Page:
Kidney carry is the 5 or 7 O’clock position around your waist, so the gun is behind you but not at your spine. The weapon is normally slightly “canted” making strong hand draw easier, after all trying to pull the gun straight up and out from behind you requires a certain dexterity that time and shoulder surgeries take away.
I personally consider this carry method the most concealable; however, if your handgun comes uncovered either by your shirt coming up or some other means, you cannot immediately tell. It is embarrassing when, at church the person in the row behind you leans over, touches your shoulder and says “your bat-gear is showing” during Amazing Grace, not that I have ever had that happen.
Even though this is a good way to conceal carry, you must remember to check your shirt / covering every time you stand up or sit down. Another thing to keep in mind is your draw stroke is more time consuming since you are reaching further and swinging your arm further around than say the appendix carry.
In my opinion, opposite hand draw or holstering, by reaching around your back is fairly easy, even after my shoulder surgery. You do lose site of the gun and must be conscience of where the muzzle is and where the holster is. Doing this “blind” can result in a negligent discharge fairly easily, so practice with an empty gun frequently*.
SoB (Small of Back) carry tilts the gun to almost a parallel to the ground level and “upside-down”, making offhand drawing (your non dominant hand) or holstering all but impossible.
When I see others drawing from this position they swing their arms wide, both arms, and swing their shoulders. This is a time consuming and very noticeable draw and you can easily laser a bunch of other people when doing this. It also has the concerns of not being able to see the gun as you draw and holster it. If you don’t get a good, correct grip when drawing, you have major issues, re aligning your hands takes critical moments that mean life and death.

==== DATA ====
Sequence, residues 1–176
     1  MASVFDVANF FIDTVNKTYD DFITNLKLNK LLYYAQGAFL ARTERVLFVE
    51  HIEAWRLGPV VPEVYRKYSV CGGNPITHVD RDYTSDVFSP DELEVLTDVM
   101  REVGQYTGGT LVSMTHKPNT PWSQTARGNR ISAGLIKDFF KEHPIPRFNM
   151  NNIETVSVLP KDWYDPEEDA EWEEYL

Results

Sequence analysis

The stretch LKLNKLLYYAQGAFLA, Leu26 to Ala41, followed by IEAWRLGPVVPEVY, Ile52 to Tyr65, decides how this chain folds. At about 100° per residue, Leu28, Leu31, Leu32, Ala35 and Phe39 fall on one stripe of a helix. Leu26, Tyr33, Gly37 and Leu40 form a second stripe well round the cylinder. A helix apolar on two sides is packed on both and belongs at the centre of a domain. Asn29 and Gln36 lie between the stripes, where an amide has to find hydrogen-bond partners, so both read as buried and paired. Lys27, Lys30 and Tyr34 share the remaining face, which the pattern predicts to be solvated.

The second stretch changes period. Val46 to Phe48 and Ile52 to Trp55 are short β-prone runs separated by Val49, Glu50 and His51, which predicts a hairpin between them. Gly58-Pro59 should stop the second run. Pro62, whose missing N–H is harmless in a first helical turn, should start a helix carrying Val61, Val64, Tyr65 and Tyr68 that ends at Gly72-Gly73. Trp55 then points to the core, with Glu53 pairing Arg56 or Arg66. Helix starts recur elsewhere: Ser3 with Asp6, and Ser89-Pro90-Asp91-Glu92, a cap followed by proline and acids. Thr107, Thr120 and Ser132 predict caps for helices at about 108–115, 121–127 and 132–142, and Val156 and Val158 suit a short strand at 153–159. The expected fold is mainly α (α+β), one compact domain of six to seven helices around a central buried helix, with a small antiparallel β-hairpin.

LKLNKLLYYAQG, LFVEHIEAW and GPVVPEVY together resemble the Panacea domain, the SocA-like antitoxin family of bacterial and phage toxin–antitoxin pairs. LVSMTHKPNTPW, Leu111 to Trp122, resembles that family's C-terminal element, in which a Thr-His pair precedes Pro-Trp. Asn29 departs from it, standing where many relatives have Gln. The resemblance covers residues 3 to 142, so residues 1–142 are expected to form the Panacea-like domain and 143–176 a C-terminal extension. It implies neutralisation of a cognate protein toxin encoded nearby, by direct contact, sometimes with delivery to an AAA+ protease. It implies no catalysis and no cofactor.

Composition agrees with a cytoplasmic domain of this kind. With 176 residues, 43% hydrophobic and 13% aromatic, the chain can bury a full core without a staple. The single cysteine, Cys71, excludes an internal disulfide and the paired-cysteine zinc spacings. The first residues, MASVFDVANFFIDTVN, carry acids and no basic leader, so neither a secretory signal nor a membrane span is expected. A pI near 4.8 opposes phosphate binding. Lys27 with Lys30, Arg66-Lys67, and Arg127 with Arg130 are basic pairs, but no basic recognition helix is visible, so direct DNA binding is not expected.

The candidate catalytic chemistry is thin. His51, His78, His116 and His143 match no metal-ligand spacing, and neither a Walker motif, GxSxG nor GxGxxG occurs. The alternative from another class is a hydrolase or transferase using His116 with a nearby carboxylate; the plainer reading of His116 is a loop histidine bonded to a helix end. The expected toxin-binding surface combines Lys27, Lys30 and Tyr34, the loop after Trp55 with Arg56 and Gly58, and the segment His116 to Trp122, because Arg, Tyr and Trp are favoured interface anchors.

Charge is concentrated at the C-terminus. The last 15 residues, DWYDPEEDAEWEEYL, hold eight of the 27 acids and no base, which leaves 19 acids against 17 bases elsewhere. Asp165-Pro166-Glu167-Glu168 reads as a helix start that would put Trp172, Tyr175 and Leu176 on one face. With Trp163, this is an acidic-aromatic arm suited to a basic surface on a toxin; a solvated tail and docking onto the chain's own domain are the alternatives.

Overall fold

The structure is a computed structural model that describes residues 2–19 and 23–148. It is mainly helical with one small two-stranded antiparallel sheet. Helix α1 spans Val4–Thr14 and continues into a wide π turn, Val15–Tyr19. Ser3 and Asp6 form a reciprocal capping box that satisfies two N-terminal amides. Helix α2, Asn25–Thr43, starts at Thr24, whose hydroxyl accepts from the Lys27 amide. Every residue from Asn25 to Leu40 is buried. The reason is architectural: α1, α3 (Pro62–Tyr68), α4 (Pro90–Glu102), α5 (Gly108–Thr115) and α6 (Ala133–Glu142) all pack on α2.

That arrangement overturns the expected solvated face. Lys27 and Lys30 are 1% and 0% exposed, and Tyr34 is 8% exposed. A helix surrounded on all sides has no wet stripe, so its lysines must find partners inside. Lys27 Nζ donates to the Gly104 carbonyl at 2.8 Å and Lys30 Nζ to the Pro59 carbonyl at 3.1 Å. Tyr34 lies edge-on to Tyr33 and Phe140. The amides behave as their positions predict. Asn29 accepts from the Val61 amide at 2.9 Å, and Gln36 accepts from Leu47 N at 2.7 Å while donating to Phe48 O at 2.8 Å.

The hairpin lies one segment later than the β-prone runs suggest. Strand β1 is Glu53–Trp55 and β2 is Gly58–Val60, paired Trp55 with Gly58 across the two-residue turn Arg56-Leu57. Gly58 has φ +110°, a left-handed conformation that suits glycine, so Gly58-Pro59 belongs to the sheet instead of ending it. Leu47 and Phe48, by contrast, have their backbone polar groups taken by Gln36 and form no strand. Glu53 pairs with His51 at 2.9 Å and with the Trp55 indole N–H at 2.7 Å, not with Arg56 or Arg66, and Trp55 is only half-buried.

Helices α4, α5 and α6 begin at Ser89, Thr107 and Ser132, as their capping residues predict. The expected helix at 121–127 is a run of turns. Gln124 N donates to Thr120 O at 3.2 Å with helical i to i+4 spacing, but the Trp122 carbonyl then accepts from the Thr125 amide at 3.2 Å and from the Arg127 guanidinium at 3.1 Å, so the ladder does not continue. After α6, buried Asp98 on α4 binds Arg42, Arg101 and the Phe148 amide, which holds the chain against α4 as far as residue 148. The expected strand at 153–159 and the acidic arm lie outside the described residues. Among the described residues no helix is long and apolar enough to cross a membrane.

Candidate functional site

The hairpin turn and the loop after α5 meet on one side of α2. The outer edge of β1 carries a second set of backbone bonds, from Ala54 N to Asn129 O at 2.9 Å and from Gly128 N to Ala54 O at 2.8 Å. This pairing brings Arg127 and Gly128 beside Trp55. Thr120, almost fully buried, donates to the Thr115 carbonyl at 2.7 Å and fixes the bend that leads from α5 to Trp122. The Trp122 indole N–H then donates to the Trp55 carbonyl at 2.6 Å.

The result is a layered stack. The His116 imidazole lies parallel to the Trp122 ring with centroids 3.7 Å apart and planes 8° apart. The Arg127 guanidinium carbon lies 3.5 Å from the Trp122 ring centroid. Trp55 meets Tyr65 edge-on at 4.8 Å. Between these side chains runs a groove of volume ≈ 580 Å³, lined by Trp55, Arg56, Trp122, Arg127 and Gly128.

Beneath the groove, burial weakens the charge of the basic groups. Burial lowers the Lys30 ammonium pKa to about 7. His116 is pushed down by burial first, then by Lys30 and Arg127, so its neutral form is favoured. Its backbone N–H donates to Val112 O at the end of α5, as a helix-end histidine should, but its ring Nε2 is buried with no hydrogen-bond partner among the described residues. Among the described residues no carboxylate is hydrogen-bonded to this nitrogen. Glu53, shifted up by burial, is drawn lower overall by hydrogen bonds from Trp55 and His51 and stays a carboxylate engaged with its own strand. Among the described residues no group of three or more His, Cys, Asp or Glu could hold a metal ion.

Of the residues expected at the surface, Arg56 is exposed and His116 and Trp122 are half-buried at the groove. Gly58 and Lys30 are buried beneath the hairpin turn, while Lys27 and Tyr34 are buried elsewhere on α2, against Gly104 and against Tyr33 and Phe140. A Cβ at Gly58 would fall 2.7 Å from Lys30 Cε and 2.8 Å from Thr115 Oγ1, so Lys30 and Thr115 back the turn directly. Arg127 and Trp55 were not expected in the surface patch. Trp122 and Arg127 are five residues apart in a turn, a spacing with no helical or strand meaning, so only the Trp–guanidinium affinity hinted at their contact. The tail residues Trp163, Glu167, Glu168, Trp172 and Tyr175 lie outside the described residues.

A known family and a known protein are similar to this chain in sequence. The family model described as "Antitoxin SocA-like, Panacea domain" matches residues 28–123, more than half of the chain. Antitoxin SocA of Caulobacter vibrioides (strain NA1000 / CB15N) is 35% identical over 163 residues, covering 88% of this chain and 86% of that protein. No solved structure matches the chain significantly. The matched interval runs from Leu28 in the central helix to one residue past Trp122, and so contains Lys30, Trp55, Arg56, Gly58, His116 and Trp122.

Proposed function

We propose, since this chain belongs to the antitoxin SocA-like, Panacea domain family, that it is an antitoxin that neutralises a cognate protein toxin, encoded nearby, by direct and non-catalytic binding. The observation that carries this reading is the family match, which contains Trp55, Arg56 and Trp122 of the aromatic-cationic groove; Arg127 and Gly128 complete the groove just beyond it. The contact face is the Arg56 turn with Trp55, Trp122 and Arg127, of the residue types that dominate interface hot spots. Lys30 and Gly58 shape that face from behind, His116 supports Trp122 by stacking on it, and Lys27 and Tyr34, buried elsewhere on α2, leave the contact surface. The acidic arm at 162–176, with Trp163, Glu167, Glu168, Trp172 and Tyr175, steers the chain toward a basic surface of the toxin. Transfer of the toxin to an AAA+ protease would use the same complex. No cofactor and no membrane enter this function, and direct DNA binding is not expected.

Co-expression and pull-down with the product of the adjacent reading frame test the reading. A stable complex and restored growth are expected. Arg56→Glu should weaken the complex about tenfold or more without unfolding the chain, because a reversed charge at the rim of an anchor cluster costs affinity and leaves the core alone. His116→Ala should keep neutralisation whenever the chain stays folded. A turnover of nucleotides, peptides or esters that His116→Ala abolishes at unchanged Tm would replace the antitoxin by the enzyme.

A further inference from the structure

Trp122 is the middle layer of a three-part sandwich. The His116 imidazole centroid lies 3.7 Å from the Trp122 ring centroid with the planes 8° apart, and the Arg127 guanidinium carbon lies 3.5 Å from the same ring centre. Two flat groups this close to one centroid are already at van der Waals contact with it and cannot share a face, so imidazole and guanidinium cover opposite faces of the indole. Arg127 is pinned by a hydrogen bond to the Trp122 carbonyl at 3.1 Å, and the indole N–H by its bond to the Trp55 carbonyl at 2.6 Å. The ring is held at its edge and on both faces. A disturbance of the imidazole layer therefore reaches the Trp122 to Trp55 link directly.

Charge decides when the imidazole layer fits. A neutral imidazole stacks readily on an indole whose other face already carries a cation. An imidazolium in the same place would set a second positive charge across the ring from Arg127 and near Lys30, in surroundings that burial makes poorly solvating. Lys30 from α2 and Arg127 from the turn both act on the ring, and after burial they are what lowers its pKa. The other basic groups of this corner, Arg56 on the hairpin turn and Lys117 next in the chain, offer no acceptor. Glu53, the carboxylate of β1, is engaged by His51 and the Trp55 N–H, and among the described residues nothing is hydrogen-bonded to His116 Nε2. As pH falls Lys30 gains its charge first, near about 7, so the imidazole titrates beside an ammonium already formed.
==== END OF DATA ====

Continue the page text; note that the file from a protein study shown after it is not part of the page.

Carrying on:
I will hopefully be submitting some reviews on a couple of SoB holsters over the next couple of months.
SOB and shoulder rigs should not be used in training classes. There are safety and lasering (pointing the barrel of a weapon at yourself or another – if a laser beam was coming out of the barrel what would it hit?) of others or yourself when drawing the weapon from the holsters, and of course when re-holstering too. Of course, to be honest, with almost any carry you do actually laser yourself either drawing or holstering or both.
Cross Draw Holsters are where you reach across your body, so if you are right handed the holster is on the left appendix area and you reach across your body to grab the gun. Even though you may be thinking of old cowboy days, there are new IWB and OWB holsters available. I have no experience with these and thus have no input for you.
Flap holsters: A major no-no. No article on belt holsters would be complete without mentioning your grandfathers WWII flap holster. Just say “no”. For CCW, hunting or any other reason, I see no reason for a flap holster unless it is in a shadowbox on the wall with an ancient unusable firearm with it.
Wear and tear on your car:
One more thing to consider with ALL holsters, the wear and tear on your chairs and vehicles seats. I am a lefty but right eye dominant so I carry, most of the time on the right side. As you can see by my car seats, right hand carry damages driver side seats less, because you turn and pivot to your left when getting out of your vehicle. I do know these seats are more curved to the body than truck bench seats. This is just to provide a reminder of one more thing to consider.
*I highly recommend practice drawing the gun 5 to 10 times a day, preferably every morning, to get your body used to the draw. Remember they gun MUST be empty and triple checked. I use an air soft that looks and feels like my Glock for safety.
Until we meet again, have a virus free week!